Both male and female dogs have been known to do it, the kicking grass after using the restroom routine. Dogs kick grass after going to the bathroom, and when they’re done, your yard is left with some not-so-appealing reminders. It happens after dogs pee and poop, and dogs of all breeds, sizes, and temperaments have been known to do it. Your dog may look silly acting like a cat in a litter box, but it’s actually a natural canine behavior when dogs kick grass. Here’s what you need to know.
Why Dogs Kick Grass
The act of scratching after urinating or defecating is most often associated with cats, but when dogs do it, it’s for a completely different reason. Cats scratch at their messes in an attempt to clean up and cover the evidence, but dogs aren’t interested in hiding anything.
The main reason why dogs kick grass and scuff the ground around where they went to the bathroom is to further mark their territory. Dogs have scent glands on their paws, and the act of scratching transfers their scent to the ground. There’s also the added bonus of making a visible mark.
Their hope is that other dogs in the area will notice the smell and see the scratch marks and know to stay away from the territory. You’d think the smell of the dog’s waste would be enough to do the job, but once feces dries out, it hardly smells. The scent from their paw pads, however, is long lasting.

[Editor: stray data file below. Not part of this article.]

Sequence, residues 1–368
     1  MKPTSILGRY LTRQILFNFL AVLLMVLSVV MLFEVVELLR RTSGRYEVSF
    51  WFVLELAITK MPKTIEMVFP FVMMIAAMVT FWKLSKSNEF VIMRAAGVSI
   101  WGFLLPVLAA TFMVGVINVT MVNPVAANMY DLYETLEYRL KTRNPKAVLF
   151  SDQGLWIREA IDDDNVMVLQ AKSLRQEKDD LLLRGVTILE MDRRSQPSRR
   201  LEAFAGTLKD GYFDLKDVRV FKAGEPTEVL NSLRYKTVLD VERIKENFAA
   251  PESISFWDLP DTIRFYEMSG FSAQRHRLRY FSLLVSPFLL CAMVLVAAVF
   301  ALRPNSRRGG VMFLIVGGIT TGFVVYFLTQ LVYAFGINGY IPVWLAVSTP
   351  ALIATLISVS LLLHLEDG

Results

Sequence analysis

How To Save Your Yard
Image Source: Flickr/Reader of the Pack
If your dog is a scraper, there’s no reason to be concerned. It’s completely healthy and natural, but that doesn’t mean you need to like it. Enthusiastic scrapers can ruin your yard, and if you care about keeping your grass where it belongs, you can try to alter their behavior. When you let your dog out to go to the bathroom, be prepared to intervene before the scraping starts.
If your dog likes chew toys, take his favorite toy outside with you. If your pup would do anything for a treat, make sure he knows you’ve got a pocket full of the good stuff. In the second between when he’s finished doing his business and before he starts scraping, present your prize and encourage your pup to come get it. Your goal is to redirect his attention so he forgets all about spreading his scent.
Changing a behavior that’s backed up by genetic instincts won’t be easy. Be reasonable about what you’re expecting from your dog, and remain patient and enthusiastic. If all else fails and you still want to save your yard, think about taking your dog on more frequent walks and encouraging them to use that time to go to the bathroom. You can also train them to only go in a designated spot to keep the damage to one area.